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The Toronto Maple Leafs and top defenceman Morgan Rielly will continue their partnership for another eight seasons, agreeing Friday on a maximum-term $60 million extension.
Rielly's deal will keep the former fifth overall selection in 2012 and longest-serving active roster member with the organization through the 2029-30 season.
If he does see through the life of the deal, he'll have spent 17 seasons in blue and white. He could very well end his career as the franchise's all-time leader in games played.
Morgan Rielly could very easily end his career as the franchise's leader in games played. He would be considered on pace for more than 1300. George Armstrong is the current leader at 1188.
— Justin Cuthbert (@jccuthbert) October 29, 2021
It is possible that the partnership ends before Rielly reaches that milestone, as his full no-movement clause expires after six seasons. It's believed that he will have to assemble a 10-team trade list for the final two seasons of the deal.
At first blush, Rielly is leaving a considerable amount of money on the table to remain with the Maple Leafs for the long term. Though it seems like a fair valuation for a No. 1 defenceman who may be considered beneath the elite tier of defenders, the free market would likely table offers worth in excess of $9 million annually. A group of comparables, including Seth Jones and Zach Werenski, signed for $9.5 million this past offseason.
While those deals seem to be slight over-payments, at least right now, it seems like Rielly is being priced correctly at $7.5 million, which is a huge win given his leverage as a pending unrestricted free agent.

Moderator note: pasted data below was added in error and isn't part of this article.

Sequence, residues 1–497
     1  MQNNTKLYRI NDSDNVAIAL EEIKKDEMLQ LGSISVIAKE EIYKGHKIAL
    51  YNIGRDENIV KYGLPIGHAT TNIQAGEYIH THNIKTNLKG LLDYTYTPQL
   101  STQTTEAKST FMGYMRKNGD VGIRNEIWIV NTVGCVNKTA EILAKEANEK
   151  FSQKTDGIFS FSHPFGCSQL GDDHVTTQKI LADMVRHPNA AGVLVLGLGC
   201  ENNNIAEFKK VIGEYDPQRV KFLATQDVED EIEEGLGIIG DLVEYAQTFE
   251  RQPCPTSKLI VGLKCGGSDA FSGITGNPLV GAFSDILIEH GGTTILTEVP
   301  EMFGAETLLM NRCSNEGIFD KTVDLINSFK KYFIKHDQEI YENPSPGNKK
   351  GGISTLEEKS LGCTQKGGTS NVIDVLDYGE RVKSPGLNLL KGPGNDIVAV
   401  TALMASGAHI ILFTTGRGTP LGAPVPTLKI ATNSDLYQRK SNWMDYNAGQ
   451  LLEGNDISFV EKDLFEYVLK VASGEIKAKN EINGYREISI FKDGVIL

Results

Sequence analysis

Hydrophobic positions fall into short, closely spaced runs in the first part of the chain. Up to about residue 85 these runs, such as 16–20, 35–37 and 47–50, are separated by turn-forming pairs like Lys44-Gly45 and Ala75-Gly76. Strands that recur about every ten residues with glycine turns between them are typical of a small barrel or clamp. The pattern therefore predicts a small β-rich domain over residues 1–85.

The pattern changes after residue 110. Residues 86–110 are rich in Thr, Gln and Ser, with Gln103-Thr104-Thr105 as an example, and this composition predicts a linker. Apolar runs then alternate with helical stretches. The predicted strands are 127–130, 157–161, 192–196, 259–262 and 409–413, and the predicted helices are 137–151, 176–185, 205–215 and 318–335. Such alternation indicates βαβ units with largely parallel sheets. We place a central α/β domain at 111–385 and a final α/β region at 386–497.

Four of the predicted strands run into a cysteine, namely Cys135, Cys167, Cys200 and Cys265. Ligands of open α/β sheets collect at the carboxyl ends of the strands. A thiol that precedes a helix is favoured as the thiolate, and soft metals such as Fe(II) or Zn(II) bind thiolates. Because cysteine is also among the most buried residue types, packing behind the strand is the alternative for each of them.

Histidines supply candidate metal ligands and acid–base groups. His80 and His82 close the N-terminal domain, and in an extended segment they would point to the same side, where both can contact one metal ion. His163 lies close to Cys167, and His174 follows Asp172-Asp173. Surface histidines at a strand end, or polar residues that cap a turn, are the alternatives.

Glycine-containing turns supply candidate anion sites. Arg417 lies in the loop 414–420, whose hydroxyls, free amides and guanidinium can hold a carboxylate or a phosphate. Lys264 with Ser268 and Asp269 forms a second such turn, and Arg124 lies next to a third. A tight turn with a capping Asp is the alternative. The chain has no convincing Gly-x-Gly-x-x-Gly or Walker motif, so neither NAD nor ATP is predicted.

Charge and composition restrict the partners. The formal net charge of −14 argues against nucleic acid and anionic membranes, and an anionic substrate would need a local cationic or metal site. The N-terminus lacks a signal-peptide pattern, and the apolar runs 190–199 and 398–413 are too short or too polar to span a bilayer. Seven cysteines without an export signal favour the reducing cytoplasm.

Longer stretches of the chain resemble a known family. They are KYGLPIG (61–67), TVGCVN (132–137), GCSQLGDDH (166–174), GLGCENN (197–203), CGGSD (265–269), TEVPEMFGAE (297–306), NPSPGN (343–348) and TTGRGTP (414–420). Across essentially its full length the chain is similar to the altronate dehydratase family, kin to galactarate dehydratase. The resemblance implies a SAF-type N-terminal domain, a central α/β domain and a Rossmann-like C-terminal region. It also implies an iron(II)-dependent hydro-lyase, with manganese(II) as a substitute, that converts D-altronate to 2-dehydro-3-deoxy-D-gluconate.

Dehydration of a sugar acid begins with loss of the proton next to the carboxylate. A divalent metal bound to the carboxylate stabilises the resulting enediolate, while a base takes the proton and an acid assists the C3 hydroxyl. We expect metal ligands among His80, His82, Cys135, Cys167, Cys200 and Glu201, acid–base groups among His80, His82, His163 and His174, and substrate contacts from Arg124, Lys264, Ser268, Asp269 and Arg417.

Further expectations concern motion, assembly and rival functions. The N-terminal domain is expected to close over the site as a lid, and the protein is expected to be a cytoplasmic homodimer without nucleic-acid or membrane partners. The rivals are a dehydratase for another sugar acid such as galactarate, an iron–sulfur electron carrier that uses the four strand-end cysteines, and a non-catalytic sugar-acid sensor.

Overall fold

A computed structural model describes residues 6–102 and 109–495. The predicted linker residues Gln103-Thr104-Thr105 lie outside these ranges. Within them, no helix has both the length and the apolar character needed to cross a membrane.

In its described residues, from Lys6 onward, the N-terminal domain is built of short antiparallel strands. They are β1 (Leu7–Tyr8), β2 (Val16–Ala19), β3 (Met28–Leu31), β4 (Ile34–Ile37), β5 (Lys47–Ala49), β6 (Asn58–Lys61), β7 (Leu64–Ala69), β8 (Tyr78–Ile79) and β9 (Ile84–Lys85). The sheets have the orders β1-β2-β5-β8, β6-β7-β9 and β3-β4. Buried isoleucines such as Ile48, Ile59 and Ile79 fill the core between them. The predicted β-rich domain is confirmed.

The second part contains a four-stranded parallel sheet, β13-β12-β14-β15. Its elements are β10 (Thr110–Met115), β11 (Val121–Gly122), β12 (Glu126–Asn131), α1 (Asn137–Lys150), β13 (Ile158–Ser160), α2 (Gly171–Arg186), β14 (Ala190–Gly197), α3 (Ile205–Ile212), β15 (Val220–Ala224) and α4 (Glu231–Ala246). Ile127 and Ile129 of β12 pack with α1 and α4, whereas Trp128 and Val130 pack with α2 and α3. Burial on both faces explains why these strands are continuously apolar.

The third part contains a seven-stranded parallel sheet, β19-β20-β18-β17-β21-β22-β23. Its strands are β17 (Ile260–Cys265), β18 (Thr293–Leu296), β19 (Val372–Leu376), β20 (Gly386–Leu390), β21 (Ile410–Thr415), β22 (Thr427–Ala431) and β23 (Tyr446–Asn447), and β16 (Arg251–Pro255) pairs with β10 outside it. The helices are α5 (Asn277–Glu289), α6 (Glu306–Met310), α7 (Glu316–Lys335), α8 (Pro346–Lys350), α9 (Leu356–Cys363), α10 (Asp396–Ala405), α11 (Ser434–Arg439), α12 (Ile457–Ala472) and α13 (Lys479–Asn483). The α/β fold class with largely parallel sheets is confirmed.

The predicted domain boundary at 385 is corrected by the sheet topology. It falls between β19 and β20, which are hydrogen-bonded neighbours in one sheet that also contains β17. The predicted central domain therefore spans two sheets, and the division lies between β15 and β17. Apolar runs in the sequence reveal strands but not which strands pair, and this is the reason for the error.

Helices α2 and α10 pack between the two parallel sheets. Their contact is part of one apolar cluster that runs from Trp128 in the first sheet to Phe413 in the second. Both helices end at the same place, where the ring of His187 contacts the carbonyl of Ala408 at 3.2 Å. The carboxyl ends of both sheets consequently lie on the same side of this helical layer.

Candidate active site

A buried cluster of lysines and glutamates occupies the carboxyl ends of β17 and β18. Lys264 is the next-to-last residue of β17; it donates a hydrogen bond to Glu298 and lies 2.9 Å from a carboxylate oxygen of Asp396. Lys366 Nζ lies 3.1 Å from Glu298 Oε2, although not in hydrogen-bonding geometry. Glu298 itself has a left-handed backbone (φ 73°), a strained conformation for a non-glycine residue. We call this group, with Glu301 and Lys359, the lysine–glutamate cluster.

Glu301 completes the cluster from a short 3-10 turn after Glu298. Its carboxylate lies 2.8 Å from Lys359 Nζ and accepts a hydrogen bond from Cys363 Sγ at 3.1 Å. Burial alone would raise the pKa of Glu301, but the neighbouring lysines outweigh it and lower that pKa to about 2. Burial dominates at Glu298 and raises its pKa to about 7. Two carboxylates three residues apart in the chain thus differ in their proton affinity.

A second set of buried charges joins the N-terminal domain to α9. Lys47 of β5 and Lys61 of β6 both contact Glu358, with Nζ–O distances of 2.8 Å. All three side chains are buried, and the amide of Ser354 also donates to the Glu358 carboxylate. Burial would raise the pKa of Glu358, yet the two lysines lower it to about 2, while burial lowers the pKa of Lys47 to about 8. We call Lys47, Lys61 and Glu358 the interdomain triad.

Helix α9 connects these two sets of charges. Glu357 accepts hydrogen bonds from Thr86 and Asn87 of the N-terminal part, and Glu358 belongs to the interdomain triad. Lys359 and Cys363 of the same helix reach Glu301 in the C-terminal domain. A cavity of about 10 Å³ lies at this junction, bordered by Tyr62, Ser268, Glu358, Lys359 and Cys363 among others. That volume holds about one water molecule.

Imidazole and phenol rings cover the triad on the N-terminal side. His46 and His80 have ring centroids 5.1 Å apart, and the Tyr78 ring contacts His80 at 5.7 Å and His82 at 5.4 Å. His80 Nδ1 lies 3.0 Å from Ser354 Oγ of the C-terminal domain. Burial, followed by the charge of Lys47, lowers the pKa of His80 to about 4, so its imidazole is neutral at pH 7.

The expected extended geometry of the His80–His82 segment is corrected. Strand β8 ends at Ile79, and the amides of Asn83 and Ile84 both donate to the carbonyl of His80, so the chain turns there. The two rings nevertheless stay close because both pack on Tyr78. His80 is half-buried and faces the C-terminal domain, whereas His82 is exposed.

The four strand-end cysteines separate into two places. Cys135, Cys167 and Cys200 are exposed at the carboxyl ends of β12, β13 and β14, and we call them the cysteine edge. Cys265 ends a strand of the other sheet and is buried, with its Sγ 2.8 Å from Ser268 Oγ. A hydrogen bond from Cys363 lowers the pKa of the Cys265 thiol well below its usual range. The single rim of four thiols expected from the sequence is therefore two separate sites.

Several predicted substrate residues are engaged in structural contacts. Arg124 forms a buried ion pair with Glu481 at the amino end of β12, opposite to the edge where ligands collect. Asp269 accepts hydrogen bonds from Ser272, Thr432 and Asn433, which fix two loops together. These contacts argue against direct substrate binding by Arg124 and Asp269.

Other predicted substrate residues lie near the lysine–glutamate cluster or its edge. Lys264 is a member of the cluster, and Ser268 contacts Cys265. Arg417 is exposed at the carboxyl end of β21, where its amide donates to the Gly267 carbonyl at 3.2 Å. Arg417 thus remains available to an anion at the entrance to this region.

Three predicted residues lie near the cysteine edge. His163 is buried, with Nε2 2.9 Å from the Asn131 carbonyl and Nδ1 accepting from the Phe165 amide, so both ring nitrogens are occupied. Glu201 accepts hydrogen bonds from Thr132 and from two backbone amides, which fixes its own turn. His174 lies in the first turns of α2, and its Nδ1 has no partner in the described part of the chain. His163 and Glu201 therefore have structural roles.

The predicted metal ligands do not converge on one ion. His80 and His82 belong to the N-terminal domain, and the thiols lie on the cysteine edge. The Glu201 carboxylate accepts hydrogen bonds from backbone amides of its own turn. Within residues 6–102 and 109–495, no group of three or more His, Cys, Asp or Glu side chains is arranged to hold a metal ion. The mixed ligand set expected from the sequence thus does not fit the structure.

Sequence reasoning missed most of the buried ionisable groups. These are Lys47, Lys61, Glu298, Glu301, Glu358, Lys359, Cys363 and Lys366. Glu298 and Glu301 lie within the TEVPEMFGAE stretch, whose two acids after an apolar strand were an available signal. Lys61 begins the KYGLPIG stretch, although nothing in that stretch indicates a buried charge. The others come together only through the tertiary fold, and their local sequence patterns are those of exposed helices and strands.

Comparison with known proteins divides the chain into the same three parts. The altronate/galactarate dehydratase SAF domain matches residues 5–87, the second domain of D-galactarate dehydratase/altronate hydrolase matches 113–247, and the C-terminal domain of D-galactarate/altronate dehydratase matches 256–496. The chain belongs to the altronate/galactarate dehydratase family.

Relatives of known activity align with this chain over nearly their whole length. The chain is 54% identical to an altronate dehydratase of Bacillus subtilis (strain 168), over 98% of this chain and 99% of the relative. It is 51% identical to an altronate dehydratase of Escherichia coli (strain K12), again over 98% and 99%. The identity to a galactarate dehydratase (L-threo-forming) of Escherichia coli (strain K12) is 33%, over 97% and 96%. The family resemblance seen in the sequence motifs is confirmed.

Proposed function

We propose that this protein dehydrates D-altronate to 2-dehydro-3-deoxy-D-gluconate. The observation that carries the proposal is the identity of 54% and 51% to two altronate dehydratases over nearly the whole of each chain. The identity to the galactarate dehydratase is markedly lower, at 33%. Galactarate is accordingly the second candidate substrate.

It is very clear that Rielly is committed to the Maple Leafs, and seeing this process through, when at a point it seems his days were surely numbered. That's commendable for reasons beyond earning potential given the amount of noise around the Maple Leafs and the fact that management is encountering more and more difficultly from a team-building perspective.
His priorities in this process appear to be different compared to some of his peers.
Despite the value in the deal, the financial squeeze on Leafs management continues to intensify, and Reilly's extension only adds to it. Rielly earning $2.5 million more on the salary cap will use up the $1.2 million of retained money coming off the books this summer with Phil Kessel's deal expiring, plus another $1.3 million. As it stands now, the Leafs will have eight earners pulling in more than $62 million, while their No. 1 netminder remains without an extension.
It very much seems like current members of the Leafs should be looking over their shoulder in part due to the Rielly deal. It also further underscores the strange decision to commit so much money and term to injured backup netminder Petr Mrazek.
Lastly, the timing is interesting for several reasons. It could plant the seed in the minds of players that change is imminent. And while it is very early, the Leafs are trending toward a down season, and selling Rielly would be considered an unusual and perhaps isolated opportunity to recoup assets.
Both considerations, however, fail to measure up to seizing the opportunity to lock down a top defenceman for below market value, which is what the Leafs accomplished Friday.
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